“America, sounds like a prison.” –Emily’s coworker Julien
It’s rare that I’m able to discuss a show that everyone is talking about. If not for my mom, I wouldn’t know what Schitt’s Creek was. But as someone who is from Chicago (here for the Lou Malnati’s deep dish pizza jokes), studied in Paris and works in social media, I have stumbled upon my moment: Emily In Paris. I’m basically Emily, minus the heels and loud outfits.
Thanks to my friend Julie, I found out about it right after it dropped on Netflix, making me feel unusually timely and cool. But I almost didn’t make if past the first 30 minutes. There is a scene in the first episode where Emily and her long-distance Cubs-obsessed boyfriend are having phone sex over FaceTime, and her presumably US-voltage vibrator blows a fuse, causing her entire building to lose power. I shouted to myself, “YOU ARE SO MUCH BETTER THAN THIS AMANDA! JUST STOP.” Emily has robbed me of my superiority.
My French is not great, but is better than Emily’s–i.e., good enough to endear myself to the French for trying. Emily does not understand how much the French love French. One time, while visiting the hotel my parents were staying at in Paris, a woman literally pinched my cheek upon hearing me speak. “I jooste looove anglophones speaking French,” she said. I was stunned by learning what superpowers even garbage French could unlock for me. That said, my French friends speak perfect English, and when we hang out, we have two options — we can speak English and have a real conversation where we discuss our personal lives and the dismal state of the world, or we can speak French where I can talk about food, directions and how many brothers I have. But honestly, you don’t even need basic French — just don’t be an idiot. My parents speak no French and were once somehow invited back to a French couple’s apartment for drinks after sitting at a nearby table at dinner. We still send them a Christmas card.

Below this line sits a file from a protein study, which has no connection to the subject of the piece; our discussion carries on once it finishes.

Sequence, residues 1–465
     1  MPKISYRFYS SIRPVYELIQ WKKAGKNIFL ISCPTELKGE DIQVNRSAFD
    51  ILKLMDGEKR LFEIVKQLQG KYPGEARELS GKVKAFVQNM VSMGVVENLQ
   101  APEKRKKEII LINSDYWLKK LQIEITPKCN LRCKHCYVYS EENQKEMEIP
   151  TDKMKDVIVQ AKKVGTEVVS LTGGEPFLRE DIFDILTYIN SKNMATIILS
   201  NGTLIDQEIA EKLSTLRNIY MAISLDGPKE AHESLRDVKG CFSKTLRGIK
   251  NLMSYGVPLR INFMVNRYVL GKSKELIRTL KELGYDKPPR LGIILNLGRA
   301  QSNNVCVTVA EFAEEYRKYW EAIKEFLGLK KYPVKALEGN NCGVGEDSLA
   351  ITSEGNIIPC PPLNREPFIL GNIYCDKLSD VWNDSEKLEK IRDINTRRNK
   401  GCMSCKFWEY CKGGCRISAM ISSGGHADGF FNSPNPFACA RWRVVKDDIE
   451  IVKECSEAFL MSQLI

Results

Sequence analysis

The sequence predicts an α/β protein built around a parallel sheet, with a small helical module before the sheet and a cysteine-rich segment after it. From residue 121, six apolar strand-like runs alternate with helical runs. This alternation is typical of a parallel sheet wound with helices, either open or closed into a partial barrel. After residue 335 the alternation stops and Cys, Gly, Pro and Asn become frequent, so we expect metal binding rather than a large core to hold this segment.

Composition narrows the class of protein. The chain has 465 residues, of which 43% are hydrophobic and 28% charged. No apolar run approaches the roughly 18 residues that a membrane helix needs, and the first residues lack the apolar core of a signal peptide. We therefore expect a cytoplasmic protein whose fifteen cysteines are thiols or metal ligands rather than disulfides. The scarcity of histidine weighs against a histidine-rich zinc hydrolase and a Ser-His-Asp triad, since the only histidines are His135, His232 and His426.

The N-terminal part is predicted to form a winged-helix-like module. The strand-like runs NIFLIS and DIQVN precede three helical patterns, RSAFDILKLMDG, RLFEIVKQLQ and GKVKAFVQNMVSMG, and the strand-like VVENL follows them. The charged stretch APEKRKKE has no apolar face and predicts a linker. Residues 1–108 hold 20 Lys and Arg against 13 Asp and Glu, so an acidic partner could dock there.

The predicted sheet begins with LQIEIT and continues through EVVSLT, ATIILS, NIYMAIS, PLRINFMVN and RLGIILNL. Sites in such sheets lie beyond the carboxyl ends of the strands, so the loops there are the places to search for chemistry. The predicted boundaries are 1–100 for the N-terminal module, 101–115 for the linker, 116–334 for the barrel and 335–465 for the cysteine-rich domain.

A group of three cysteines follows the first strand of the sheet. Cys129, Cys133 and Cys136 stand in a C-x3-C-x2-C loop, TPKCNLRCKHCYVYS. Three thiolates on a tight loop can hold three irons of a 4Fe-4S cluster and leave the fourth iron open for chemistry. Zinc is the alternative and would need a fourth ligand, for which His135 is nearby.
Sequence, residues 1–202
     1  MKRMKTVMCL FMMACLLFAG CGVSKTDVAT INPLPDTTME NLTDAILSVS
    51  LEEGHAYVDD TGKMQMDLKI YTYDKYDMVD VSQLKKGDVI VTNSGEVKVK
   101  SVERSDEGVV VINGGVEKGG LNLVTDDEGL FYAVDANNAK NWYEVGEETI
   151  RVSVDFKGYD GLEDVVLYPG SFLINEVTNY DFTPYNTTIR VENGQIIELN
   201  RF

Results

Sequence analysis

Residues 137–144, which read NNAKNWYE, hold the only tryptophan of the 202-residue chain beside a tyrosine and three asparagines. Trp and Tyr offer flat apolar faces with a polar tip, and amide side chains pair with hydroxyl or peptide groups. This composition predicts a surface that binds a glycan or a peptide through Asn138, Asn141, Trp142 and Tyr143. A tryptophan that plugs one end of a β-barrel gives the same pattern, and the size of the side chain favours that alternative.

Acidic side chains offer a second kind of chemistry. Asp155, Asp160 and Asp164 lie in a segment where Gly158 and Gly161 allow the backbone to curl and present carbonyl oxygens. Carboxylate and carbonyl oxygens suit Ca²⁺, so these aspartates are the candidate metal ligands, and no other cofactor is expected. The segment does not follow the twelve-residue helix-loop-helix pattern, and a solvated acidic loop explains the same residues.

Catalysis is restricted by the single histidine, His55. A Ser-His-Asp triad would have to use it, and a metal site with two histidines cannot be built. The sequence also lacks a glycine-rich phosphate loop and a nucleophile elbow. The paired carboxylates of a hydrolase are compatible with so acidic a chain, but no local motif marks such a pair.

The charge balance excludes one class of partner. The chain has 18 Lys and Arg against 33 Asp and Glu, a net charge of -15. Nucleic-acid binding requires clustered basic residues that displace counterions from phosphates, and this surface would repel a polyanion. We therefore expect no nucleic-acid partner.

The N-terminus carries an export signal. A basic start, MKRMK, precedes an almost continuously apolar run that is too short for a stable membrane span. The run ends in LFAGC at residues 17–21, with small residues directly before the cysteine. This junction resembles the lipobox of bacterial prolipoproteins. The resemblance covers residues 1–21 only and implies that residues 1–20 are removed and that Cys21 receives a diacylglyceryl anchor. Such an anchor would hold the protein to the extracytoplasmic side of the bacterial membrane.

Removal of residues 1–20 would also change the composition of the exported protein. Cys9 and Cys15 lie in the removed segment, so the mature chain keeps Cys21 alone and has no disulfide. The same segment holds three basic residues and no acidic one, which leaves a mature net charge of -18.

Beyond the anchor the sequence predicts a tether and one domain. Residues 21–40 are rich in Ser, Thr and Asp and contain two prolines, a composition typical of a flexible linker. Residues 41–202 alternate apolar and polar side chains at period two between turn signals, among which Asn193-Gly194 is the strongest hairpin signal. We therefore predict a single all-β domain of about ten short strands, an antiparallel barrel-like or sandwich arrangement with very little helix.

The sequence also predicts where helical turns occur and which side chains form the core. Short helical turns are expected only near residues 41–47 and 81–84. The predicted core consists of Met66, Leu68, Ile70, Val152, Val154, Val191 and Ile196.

Nearly everyone, from the media critics to my much more reliable friends, agrees: Emily in Paris has many bad moments and a weak plot line, but sign us up for season two. Watching the French bully Emily is what kept me watching, as her boss Sylvie (“Do you really believe that most people are happy all the time?” is her best quote) makes no effort to hide her disapproval. Emily is beautiful but easy to dislike: she makes zero effort to assimilate, is self-promoting and thinks she knows everything, the epitome of what Parisians detest about foreigners coming to their city.
But cliches exist for a reason, and I love when experience validates them. Emily wants nothing more than to be liked and has ordered her life pursuing this goal. Gabriel, her hot french love interest, comments on how miserable that must be. And while I don’t think anyone aspires to be hated, it’s an especially American concept to so actively pursue approval at large. I may not care for someone, but consider it a personal shortcoming if they don’t like me. A reason I am so endeared to my European friends is because all of them give way less craps about this. Along with the best of my American friends, while authentic and true to ourselves, we will try to hide the fact that they don’t like someone out of courtesy. The French see this as fake and manipulative, which is why they’re wary of us.